Hollande shocks France with decision not to seek another term.
Hopes move gives Socialists chance in election
PARIS | French President Francois Hollande announced Thursday that he would not seek a second term in next year’s presidential election, scrambling the political landscape and saying he hoped to give his center-left Socialist party a chance to win “against conservatism and, worse still, extremism” by stepping aside.
“I have decided not to be a candidate in the presidential election,” Mr. Hollande said in a surprising and somber address on French television that recapped his achievements since taking office in 2012.
The 62-year-old president — the country’s least popular leader since World War II — said he was “conscious of the risks” his lack of support posed to a his party’s election hopes and the country’s direction.
“What’s at stake is not a person, it’s the country’s future,” he said.
The Socialist party has been deeply divided over Mr. Hollande’s leadership, with rebels within the party openly criticizing his pro-business strategy and calling for more left-leaning policies. His popularity has also been hurt by his sometimes shaky handling of a string of spectacular terrorist attacks.
Two of his former colleagues, former Economy Minister Arnaud Montebourg and former Education Minister Benoit Hamon, already have announced they would run in next month’s Socialist primary, alongside other low-profile candidates.
Like other Socialist contenders, Mr. Hollande faced a Dec. 15 deadline for entering the party’s primary ahead of next April’s national election.
His announcement nevertheless came as a shock to political commentators, many of whom had thought that the one-term Socialist leader was preparing to seek re-election despite being low in the polls. For weeks, Mr. Hollande had kept pundits in the dark and dropped hints that he hoped to continue in his job beyond next year.
In a September speech, he repeatedly suggested he was eyeing a re-election bid.
“I will not let the image of France be spoiled ... in the coming months or the coming years,” Mr. Hollande said at the time.
Members of his entourage, including government spokesman Stephane Le Foll and Finance Minister Michel Sapin, said in recent days that Mr. Hollande was in a legitimate position to run again and to unite the left.
Mr. Hollande repeatedly had said he would seek re-election only if he were able to curb the unemployment rate in France, which for years has hovered around 10 percent. The latest figures showed a slight decrease in the jobless numbers, but didn’t seem to quell the criticism.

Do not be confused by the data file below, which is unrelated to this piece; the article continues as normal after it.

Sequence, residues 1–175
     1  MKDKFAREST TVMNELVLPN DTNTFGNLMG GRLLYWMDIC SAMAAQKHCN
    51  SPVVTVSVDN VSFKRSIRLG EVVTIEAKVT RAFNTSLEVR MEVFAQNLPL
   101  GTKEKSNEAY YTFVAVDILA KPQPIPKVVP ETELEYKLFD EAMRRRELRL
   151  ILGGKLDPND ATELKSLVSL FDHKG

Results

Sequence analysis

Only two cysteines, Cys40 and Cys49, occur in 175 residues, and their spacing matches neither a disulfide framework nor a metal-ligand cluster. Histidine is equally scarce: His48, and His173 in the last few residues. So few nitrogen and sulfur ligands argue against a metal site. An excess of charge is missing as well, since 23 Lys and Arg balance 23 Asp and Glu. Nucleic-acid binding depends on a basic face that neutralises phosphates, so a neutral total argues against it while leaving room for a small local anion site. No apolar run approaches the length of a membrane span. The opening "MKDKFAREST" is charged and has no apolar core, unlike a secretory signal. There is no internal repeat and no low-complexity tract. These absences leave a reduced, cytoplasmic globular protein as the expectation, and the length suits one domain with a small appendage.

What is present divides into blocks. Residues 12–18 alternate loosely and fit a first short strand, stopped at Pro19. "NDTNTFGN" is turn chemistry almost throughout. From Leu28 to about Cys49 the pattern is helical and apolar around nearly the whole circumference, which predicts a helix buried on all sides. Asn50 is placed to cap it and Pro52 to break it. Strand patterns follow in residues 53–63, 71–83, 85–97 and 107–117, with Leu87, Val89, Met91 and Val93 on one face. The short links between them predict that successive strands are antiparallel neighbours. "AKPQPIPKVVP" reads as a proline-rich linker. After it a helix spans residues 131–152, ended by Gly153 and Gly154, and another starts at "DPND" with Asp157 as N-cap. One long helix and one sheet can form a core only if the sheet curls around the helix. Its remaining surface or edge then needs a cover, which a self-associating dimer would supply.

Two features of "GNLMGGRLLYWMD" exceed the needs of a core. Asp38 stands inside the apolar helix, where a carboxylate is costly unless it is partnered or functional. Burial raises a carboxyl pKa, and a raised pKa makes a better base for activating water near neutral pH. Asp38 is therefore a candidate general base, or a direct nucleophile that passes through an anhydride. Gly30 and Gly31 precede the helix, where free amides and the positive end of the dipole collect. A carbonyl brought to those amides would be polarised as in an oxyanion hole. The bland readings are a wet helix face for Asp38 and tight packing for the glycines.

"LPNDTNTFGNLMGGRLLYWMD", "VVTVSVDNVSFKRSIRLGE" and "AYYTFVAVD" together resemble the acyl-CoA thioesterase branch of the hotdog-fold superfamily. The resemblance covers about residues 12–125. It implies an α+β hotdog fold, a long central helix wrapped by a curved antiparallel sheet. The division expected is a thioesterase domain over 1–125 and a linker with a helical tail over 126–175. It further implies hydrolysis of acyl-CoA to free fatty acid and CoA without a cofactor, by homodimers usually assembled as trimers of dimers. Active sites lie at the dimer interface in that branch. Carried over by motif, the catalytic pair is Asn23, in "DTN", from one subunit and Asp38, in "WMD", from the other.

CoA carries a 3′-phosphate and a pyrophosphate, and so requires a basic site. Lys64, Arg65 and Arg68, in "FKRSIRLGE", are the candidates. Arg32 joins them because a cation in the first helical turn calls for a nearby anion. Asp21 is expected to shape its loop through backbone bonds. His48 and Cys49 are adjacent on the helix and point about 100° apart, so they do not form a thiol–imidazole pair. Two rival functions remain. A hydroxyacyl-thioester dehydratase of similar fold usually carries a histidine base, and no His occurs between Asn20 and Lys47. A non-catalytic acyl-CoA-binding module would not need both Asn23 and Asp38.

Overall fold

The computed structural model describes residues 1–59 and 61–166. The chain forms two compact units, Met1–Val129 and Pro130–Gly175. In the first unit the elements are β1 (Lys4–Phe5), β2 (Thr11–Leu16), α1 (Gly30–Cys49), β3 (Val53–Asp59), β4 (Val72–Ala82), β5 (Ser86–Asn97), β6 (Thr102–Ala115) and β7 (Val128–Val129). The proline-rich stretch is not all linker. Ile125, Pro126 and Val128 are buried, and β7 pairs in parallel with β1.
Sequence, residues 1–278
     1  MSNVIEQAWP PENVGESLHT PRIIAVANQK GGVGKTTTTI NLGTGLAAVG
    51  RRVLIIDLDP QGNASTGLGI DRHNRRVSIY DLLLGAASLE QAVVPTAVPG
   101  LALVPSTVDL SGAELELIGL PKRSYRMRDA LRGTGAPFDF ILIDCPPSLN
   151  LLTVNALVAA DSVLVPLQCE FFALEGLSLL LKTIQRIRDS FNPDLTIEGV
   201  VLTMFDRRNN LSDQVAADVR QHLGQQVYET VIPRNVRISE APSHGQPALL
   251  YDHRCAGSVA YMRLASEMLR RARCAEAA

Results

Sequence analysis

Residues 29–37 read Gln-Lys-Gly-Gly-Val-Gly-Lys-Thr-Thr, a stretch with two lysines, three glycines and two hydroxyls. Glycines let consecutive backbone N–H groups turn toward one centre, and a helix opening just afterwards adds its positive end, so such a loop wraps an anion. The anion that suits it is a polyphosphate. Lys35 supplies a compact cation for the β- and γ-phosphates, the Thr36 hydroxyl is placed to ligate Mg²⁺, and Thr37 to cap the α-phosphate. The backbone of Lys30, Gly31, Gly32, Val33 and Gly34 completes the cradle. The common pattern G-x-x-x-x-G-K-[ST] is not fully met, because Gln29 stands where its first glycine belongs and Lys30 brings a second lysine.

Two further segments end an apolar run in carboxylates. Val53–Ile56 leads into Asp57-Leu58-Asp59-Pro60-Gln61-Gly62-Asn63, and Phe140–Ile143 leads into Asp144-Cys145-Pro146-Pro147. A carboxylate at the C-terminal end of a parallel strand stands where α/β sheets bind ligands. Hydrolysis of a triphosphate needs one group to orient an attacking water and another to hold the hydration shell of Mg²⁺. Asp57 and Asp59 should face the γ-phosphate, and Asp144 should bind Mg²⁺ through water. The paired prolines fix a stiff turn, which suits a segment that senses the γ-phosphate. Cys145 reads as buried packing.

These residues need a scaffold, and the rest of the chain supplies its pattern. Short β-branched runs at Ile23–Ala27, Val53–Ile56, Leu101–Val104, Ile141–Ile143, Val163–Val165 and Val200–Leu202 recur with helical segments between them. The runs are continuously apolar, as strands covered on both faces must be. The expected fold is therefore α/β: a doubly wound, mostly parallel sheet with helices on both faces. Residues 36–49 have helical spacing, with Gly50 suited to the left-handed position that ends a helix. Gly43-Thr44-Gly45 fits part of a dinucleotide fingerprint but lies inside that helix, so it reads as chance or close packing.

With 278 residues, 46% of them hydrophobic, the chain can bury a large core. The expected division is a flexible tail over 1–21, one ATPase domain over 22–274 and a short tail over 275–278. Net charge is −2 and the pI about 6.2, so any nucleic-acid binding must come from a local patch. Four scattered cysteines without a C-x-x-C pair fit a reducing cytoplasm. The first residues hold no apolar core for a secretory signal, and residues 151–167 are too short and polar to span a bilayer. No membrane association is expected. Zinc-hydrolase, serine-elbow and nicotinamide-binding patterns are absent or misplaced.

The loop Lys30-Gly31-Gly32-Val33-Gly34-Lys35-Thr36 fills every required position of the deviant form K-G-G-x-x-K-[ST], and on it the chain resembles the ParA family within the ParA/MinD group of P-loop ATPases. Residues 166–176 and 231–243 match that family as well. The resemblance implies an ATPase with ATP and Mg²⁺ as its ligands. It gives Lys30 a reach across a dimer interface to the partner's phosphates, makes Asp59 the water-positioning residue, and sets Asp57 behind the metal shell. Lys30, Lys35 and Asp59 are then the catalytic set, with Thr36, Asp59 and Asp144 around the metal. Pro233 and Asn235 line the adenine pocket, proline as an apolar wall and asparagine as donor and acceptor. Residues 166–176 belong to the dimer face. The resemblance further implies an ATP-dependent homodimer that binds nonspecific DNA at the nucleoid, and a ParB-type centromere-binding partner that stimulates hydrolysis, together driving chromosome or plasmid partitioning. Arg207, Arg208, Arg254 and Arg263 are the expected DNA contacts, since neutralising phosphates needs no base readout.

His announcement Thursday came just a few days after his No. 2, Prime Minister Manuel Valls, said he was “ready” to compete in the Socialist primary.
Mr. Valls praised Mr. Hollande’s “tough, mature, serious choice” in a written statement on Thursday night without saying if he would run for president. “That’s the choice of a statesman,” he said.
In his address, Mr. Hollande avoided saying if he would support Mr. Valls — or any other candidate. The president’s office — denying rumors of an internal battle — said the two men had their weekly working lunch on Monday at the Elysee Palace in a “cordial and studious atmosphere.”
An at-times emotional Mr. Hollande said during his televised remarks that he was standing aside so the Socialists would have a better chance of holding on to power, which he said was for the “interest of the country.”
Whichever candidate Socialist voters choose in January will face former Prime Minister Francois Fillon, among other rivals, in the two-round presidential election in April and May. Mr. Fillon, 62, who won France’s first-ever conservative presidential primary on Sunday, has promised drastic free-market reforms, along with a crackdown on immigration and Islamic extremism.
Polls suggest the sober, authoritative 62-year-old Mr. Fillon would have a strong chance of winning the general election amid the widespread frustration with France’s current leadership.
French President Francois Hollande announced Thursday that he would not be seeking a second term, saying he hoped his decision would give his Socialist party a better chance in the next election.
Francois Fillon, conservative candidate for the French presidency, wasted no time slamming Mr. Hollande.